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November 16, 2010

Crisis of Infinite Reviews 11/10/10

Hello everybody! I have got a great batch of books for you this week. We’ve got the final chapter in Bruce Wayne’s journey home, a heart warming issue of Red Robin, some great fight scenes in both Birds of Prey and Emerald Warriors, plus the start of a brand new series.

Minor spoilers ahead!

Batman: Return of Bruce Wayne #6
Writer: Grant Morrison
Artist(s): Lee Garbett and Walden Wong
Cover Artist: Andy Kubert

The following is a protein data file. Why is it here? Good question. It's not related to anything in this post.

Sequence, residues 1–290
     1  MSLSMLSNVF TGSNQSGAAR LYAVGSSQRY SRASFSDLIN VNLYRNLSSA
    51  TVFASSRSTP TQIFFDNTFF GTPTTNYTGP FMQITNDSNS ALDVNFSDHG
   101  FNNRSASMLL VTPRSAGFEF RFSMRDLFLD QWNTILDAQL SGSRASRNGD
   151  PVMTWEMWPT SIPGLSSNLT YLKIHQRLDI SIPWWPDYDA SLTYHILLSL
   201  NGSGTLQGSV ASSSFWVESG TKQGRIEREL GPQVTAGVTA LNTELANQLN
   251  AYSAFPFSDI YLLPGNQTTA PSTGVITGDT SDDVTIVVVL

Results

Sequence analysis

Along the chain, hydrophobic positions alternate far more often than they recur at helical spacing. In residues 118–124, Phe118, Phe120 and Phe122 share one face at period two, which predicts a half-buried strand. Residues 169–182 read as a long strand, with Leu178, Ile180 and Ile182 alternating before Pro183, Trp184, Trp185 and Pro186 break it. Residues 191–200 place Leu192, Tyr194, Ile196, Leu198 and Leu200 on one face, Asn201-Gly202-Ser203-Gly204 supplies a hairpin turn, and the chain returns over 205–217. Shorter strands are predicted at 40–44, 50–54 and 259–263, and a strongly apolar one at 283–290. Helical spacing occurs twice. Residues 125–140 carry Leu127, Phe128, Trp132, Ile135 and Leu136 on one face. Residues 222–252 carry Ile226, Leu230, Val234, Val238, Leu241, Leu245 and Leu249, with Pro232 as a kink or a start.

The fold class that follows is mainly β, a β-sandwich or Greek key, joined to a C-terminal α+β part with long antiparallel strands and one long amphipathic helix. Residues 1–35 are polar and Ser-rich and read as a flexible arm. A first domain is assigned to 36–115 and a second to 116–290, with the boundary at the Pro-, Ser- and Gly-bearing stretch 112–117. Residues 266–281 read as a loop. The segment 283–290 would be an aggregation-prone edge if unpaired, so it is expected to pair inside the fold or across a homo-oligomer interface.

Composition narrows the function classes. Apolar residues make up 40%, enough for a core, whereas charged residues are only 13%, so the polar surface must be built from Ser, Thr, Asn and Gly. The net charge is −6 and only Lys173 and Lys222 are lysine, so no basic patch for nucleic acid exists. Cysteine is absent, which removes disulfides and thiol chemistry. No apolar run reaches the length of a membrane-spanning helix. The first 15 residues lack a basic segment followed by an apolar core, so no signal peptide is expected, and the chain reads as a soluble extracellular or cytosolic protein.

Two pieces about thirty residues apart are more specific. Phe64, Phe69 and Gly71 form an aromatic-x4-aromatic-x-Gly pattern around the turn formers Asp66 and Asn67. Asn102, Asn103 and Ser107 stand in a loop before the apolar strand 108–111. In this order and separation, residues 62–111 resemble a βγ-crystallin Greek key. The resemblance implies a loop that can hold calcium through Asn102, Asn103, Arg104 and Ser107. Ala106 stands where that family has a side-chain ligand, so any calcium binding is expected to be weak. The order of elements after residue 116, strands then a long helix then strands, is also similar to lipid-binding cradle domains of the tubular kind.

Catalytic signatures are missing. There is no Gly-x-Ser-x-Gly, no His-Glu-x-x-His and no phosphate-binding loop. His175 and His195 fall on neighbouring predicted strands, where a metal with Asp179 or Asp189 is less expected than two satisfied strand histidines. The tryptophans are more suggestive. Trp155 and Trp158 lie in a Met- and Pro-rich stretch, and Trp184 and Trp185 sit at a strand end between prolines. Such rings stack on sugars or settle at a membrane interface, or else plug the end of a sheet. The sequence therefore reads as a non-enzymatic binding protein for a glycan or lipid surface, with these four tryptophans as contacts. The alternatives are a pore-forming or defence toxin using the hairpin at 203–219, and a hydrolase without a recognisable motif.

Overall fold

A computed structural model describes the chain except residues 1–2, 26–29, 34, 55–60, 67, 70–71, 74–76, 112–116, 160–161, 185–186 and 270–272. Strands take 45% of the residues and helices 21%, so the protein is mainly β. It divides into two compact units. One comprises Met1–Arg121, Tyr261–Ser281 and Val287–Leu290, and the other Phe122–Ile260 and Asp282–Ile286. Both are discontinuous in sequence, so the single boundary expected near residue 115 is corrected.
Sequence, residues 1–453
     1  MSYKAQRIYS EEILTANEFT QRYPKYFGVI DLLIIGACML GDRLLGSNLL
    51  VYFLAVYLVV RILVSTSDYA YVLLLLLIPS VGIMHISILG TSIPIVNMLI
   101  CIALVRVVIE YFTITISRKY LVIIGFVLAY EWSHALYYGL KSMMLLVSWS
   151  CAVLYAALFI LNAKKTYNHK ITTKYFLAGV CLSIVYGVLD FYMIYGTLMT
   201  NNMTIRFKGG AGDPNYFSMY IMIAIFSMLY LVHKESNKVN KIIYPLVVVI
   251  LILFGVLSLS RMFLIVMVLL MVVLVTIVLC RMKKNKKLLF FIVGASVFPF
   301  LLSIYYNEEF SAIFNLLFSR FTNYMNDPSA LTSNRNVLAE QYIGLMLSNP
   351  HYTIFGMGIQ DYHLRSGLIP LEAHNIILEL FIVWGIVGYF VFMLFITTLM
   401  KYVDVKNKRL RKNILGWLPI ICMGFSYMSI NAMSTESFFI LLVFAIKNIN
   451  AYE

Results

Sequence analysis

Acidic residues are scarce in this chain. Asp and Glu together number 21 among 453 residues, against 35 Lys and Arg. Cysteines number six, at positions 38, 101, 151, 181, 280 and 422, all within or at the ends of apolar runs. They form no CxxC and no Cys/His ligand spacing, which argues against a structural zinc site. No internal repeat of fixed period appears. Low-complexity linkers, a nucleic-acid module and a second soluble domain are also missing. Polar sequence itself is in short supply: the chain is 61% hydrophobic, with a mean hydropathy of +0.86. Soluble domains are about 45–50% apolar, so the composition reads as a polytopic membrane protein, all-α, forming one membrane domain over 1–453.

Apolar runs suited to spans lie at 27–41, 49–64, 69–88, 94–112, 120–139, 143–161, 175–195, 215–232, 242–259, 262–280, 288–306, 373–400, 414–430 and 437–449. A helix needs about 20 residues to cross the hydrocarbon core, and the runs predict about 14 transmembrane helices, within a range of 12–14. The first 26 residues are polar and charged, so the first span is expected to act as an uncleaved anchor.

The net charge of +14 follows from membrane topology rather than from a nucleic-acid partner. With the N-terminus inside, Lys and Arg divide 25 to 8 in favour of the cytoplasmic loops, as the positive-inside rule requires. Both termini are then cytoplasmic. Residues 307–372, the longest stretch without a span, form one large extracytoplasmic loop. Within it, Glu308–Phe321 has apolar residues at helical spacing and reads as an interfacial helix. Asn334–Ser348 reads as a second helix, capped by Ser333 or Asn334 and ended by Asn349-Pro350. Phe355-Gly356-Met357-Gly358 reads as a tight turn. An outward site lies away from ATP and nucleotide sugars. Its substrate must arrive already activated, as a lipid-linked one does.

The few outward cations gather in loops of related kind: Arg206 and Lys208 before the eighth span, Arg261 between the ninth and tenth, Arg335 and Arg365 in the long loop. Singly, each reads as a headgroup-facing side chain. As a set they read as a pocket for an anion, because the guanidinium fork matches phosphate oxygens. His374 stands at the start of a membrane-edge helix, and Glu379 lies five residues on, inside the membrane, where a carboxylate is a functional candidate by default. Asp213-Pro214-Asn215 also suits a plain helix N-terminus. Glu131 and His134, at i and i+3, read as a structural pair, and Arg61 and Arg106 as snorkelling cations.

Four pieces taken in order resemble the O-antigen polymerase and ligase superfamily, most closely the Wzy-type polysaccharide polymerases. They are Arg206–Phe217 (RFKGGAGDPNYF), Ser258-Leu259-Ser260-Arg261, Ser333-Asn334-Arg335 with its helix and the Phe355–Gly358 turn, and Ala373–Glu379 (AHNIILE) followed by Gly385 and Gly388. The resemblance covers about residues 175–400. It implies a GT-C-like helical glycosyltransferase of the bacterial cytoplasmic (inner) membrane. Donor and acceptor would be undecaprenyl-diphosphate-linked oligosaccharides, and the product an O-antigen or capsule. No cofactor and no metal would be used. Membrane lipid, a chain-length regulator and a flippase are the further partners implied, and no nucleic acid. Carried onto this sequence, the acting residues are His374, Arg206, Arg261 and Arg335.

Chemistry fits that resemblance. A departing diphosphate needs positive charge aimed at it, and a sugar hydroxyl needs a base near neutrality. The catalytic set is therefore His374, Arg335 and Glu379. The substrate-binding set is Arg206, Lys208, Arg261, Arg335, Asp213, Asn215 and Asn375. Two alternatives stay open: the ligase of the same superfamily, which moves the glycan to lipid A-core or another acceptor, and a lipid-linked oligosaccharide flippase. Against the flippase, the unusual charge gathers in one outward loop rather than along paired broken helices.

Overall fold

Publisher: DC

The epic tale of Bruce Wayne’s return to the present comes to a conclusion in this terrific finale. The issue starts off with Bruce arriving at the Vanishing Point, where he encounters the Archivists. With this memory back, he sets everything up in a way that only Bruce can, and returns to the present. Tim, who was notably missing in Batman and Robin, and it is explained why in this issue, plays his role as Batman’s sidekick as he and Wonder Woman stall Bruce, who has bonded with the demon-like essence, in time for Rip Hunter and company to arrive in the time machine set up for them by Bruce. The demon is stripped from Bruce, who has “died” and is banished, leaving a revitalized Bruce.